Scientists in Germany and Israel have made a major breakthrough that could lead to human sperm being grown in the laboratory, the website The Telegraph is reporting.
The scientists have grown mouse sperm from a few cells in a laboratory dish, a development that opens up the possibility of infertile men being able to father their own children rather than using donor sperm.
The scientists, headed by Prof. Stefan Schlatt, at Muenster University in Germany, grew the sperm by using germ cells. These are the cells in testicles that are responsible for sperm production. The sperm was grown by surrounding the germ cells in a special compound called agar jelly to create an environment similar to that found in testicles.
Prof. Mahmoud Huleihel, who also grew the sperm at Israel's Ben Gurion University, said: "I believe it will eventually be possible to routinely grow human male sperm to order by extracting tissue containing germ cells from a man's testicle and stimulating sperm production in the laboratory."
The findings of the sperm trial have been revealed in a major scientific journal published by Nature.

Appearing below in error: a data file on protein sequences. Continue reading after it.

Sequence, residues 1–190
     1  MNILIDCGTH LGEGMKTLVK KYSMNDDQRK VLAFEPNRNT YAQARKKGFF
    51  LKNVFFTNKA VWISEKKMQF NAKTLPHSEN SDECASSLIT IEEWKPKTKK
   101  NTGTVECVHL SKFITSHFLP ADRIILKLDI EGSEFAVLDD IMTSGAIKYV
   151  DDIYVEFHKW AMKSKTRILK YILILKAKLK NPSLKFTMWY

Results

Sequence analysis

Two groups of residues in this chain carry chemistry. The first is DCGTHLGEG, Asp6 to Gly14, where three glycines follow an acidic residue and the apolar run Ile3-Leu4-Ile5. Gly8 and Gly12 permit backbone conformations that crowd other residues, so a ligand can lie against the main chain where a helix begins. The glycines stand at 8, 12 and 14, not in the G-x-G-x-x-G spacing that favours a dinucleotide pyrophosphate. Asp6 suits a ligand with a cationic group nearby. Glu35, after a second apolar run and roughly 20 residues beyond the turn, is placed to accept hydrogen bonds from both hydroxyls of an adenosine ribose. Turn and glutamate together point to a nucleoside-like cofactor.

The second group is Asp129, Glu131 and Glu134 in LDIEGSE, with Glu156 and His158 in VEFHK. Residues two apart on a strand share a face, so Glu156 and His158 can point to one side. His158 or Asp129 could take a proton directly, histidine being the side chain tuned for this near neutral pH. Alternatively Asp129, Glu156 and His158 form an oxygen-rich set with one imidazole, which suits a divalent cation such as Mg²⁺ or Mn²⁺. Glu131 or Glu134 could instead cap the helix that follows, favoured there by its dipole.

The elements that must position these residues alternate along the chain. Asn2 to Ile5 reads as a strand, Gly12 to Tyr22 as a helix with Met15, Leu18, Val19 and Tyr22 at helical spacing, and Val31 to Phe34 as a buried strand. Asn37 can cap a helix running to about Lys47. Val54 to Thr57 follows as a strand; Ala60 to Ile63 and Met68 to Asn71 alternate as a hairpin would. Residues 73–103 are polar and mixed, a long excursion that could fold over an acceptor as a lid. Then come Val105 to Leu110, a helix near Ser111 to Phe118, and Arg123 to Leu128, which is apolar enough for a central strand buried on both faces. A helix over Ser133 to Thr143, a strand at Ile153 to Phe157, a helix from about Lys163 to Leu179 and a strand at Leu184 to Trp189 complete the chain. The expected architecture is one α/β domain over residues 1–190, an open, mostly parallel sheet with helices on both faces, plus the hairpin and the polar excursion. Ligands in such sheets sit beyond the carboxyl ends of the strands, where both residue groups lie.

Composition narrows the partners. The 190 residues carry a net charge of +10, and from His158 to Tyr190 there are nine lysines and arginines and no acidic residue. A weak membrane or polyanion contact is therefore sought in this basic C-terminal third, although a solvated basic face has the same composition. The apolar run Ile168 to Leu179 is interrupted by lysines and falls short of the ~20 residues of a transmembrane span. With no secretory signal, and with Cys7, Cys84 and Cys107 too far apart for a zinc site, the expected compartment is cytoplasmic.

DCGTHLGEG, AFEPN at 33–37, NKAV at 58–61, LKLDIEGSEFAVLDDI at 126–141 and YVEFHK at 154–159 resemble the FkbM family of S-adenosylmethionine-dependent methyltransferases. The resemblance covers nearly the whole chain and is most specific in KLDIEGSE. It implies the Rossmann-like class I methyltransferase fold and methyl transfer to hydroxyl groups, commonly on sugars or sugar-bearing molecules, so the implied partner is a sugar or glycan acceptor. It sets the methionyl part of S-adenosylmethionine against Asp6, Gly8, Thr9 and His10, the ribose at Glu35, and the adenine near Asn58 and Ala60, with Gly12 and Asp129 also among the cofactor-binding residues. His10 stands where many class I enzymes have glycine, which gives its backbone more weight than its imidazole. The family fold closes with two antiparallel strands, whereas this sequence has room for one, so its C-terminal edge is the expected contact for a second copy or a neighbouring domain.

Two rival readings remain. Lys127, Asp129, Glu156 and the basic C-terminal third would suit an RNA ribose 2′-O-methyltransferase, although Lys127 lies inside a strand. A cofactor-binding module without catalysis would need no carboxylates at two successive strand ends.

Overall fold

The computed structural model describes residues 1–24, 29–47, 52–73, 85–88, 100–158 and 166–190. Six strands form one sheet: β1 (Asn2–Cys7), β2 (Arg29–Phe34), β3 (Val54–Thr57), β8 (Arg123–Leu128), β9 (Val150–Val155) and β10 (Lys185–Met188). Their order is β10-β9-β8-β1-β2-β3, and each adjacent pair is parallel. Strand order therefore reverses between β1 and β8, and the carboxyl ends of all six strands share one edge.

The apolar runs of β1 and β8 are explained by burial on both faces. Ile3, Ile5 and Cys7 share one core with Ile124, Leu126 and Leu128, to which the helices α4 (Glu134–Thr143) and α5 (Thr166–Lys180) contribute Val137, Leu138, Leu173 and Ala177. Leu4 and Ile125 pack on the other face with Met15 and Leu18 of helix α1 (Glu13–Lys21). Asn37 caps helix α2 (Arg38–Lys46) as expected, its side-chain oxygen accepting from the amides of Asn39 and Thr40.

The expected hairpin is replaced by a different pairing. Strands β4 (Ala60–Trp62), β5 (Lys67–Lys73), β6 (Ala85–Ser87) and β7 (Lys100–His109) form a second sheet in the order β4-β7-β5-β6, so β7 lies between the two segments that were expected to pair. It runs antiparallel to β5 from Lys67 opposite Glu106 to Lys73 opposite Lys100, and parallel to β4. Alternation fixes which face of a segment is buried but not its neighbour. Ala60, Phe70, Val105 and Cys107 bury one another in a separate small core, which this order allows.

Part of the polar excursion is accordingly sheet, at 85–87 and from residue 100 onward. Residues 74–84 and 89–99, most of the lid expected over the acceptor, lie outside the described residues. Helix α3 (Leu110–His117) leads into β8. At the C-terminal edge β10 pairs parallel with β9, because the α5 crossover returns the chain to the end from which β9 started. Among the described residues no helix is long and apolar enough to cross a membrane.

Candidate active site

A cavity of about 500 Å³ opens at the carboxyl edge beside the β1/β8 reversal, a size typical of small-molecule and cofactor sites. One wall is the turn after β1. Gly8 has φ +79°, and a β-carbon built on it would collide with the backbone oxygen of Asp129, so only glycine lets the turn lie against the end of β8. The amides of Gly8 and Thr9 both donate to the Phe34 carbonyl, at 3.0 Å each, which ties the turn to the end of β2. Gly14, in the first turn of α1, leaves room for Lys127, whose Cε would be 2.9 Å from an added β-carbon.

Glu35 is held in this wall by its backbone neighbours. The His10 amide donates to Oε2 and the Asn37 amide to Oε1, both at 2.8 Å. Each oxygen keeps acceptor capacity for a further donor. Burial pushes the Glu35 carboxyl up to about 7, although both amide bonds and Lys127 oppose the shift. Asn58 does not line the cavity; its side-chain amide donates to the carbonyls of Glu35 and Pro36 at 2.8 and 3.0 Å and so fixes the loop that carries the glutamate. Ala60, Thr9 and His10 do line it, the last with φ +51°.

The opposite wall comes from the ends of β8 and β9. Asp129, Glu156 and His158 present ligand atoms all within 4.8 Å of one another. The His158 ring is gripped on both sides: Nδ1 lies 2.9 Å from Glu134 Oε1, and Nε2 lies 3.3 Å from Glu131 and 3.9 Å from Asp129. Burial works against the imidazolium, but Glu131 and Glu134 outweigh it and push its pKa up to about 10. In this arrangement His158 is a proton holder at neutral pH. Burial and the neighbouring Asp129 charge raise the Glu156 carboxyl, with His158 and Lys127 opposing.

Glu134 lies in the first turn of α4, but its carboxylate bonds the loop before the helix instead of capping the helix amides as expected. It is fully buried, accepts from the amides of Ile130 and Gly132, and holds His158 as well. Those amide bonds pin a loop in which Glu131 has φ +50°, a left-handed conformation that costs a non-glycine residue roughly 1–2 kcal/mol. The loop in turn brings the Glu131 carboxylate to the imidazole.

Now the scientists have begun experiments that will hopefully lead to the Holy Grail - human sperm grown outside a man's body.
Stephen Gordon, a leading NHS male infertility consultant, said, "This is an amazing development that could revolutionize fertility treatment and allow every man to be a natural father.
"Infertile men naturally want to be the father of their child but at present have to accept that can't happen,” Prof. Richard Sharpe, one of the United Kingdom’s leading fertility scientists, who hopes to work on the project, said. “With the mouse discovery, that could now be a possibility. This is a significant step forward towards making human sperm."
The problem of male infertility has grown over the past 50 years amid a huge decrease in sperm counts in men.
—TOM HESTER SR., NEWJERSEYNEWSROOM.COM